From my family to yours, I wish you the very best of Holiday Seasons,

The Ribbon

Before I Forget: The PWiD's Perspective

Seven Stages of Dementia

by Dan Spencer, MS, LSW, LPCC

November 1, 2002, DASN submission

Stage One: UPS, (Unidentifiable, Persistant Stress)

  • Variable symptomatic duration.
  • No cognitive decline is evident, although life stresses of unidentified origin developing.
  • No subjective complaints of memory deficit. No memory deficit evident on clinical interview that can't be accounted for by other situational factors.
  • Subtle mood changes and increassing stress reactions present, yet no observable neurological issues are identifiable.
  • May NOT continue into stage 2 progression.

Stage Two: PSO, (Problems with Self and Others)

Criteria of stage one plus noticeable, mild cognitive decline (forgetfulness) and social friction (mild irritability) evident. Subjective complaints of memory deficit begin, most frequently in attention span, minor situational confusion, forgetting where one has placed familiar objects or forgetting names one formally knew well. No objective evidence of demonstrable memory deficit on clinical interview. No testable objective deficits in employment or social situations, yet subjective personal perfomance stresses continue unabated.

Mood sensitivity observable by significant others. May NOT continue into stage 3.

Stage Three: MCI, (Mild Cognitive Impairment)

Earliest clear-cut deficits. Manifestations in more than one of the following areas which now tend to be progressive, although variable at times.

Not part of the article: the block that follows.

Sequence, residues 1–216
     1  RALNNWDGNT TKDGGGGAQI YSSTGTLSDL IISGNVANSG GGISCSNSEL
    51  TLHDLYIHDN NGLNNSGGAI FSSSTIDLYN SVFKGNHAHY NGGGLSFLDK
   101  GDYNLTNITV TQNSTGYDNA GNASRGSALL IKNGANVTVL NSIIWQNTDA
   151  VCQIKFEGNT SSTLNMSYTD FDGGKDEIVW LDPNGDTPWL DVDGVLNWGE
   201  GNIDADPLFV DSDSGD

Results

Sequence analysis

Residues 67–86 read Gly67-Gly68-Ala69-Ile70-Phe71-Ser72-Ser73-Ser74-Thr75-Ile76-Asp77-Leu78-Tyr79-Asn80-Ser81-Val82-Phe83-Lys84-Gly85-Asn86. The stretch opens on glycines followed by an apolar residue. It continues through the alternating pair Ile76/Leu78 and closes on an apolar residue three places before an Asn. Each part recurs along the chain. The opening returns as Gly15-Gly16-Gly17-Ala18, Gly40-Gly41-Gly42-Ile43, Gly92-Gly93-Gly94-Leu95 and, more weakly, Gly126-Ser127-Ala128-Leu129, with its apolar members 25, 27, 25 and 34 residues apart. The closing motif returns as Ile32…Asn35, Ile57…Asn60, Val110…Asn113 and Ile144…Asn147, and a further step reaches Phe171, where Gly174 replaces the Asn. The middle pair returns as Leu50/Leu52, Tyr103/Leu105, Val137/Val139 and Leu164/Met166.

• Patient may have gotten lost when traveling to an unfamiliar location;
  • Co-workers become aware of patient's relatively poor performance;
  • Word and name finding deficit becomes evident to intimates;
  • Patient may read a passage or a book and retain relatively little material;
  • Patient may demonstrate decreased facility in remembering names upon introduction to new people;
  • Patient may have lost or misplaced an object of value;
  • Concentration deficit may be evident on clinical testing.

Objective evidence of memory deficit MAY be evident on clinical testing. Objective evidence of memory deficit obtained only with an "intensive" interview. Decreased performance in demanding employment and social settings.

Denial begins to become manifest in patient. Moderate anxiety and mood disturbances accompanies symptoms.

The duration of stage 3 may be long enough for adaptive responses to develop as patients MAY or MAY NOT compensate for losses usually depending upon early diagnosis and treatment (meds)

Stage Four: EMD, Early Moderate Decline.

Clear-cut deficit on careful clinical interview. Deficit manifest in following areas:

  • decreased knowledge of current and recent events;
  • may exhibit some deficit in memory of one's personal history;
  • concentration deficit elicited on serial subtractions;
  • decreased ability to travel, handle finances, control emotions.

Frequently no deficit in following areas:

  • orientation to time and person;
  • recognition of familiar persons and faces;
  • ability to travel to familiar locations.

The inability to perform some complex tasks is evident. Denial and anger may be common defense mechanisms.